What is acupressure?
Acupressure is a technique derived from Traditional Chinese Medicine (TCM). In TCM there are channels called meridians that run along the body through which chi or energy flows. Along these meridians are points called acupoints. By stimulating these acupoints various illness and symptoms can be treated. Different methods are used to stimulate acupoints. In acupressure, physical pressure is applied to acupoints by fingers, thumbs, elbow, or with various devices to treat disease. Self-acupressure is when a person applies pressure in a circular fashion to an acupoint on themselves. Different acupoints are stimulated depending on what symptoms are being treated. Acupressure can also be personalized to match unique symptoms and characteristics of the person being treated.
How Does it Work?
How does acupressure work?
While acupressure has been practiced for thousands of years, Western scientists only started conducting acupressure studies over the past decade. Acupressure has been used historically to treat numerous medical conditions, and recent studies have shown that acupressure can be a useful chronic pain management strategy by reducing stress and anxiety, decreasing pain, improving sleep, and reducing fatigue.
While we currently don’t know how pressing on specific acupoints on the body helps improves symptoms such as chronic pain, it appears that it leads to changes in hormones and changes in the brain associated with pain. Acupressure has been found to change levels of chemical messengers in the brain, called neurotransmitters, which when too high or too low can be responsible for causing symptoms such as chronic pain. Acupressure can also decrease stress hormones in the body. Decreasing these stress hormones helps to decrease anxiety, improve mood and promote better sleep. Right now studies are unsure if all acupoints cause the same effects in the brain and body. Instead, the ways in which acupressure works likely depend upon which acupoints are being stimulated.
How to get started with self-acupressure?
The first step in performing self-acupressure is knowing which acupoints to stimulate. Research conducted at the University of Michigan has found that a set of acupoints called Stimulated Acupressure Points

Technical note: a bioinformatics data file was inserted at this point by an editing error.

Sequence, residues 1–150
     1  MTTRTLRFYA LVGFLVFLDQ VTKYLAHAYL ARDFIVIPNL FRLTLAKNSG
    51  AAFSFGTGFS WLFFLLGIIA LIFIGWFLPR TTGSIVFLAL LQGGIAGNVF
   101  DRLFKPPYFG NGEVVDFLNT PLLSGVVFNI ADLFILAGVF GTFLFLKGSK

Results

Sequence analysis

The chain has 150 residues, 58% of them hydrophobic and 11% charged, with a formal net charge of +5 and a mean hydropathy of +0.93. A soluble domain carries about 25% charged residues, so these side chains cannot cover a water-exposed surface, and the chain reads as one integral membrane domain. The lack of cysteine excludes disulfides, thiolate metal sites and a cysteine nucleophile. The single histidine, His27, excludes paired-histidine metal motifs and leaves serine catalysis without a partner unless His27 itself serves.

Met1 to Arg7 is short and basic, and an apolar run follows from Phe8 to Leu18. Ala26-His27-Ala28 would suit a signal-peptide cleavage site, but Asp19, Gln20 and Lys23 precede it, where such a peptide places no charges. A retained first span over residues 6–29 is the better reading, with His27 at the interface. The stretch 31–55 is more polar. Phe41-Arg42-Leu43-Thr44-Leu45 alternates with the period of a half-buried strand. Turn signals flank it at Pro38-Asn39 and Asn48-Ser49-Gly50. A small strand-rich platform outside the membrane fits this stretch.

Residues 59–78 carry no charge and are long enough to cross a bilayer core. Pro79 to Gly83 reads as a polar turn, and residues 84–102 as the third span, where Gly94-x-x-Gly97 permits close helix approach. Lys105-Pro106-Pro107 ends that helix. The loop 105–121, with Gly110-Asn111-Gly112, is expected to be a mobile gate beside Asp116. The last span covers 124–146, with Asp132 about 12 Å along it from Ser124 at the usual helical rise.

Once you know where your acupoints are located, here is how to stimulate your acupoints:
• Stimulate each acupoint for 3 minutes with small circular motions
• You can use the tip of your finger, thumb, device, or a pencil eraser to stimulate the acupoints
• Use enough pressure to make the point feel warm, tingly or even achy, but don’t bruise yourself
• Do not stop in the middle of stimulating an acupoint
• Do the acupressure 1x daily for 6 weeks
• Try to choose the same time each day to perform the acupressure
What to expect
Sometime during the six weeks of treatment you should begin to feel less pain and improvement in other symptoms such as sleep or mood if these were also causing you problems. After you complete your six weeks of treatment you should be able to stop doing acupressure and continue to experience less pain and other issues. If your pain worsens, feel free to continue doing acupressure 1x daily. Some people like to do acupressure everyday while others use booster sessions of acupressure throughout the year, while others never need to do acupressure again. Different people have different reactions to acupressure – find what works for you.
Acupressure is generally considered quite safe. Occasionally people can experience bruising at acupoint sites. If bruising occurs use less pressure stimulating the acupoints and also consider taking a few days off from doing your acupressure. If bruising persists, stop doing the acupressure – it may not be right for you.
You can find a licensed acupuncturist through the National Certification Commission for Acupuncture and Oriental Medicine (NCCAOM).
Suzanna M. Zick, N.D., M.P.H.
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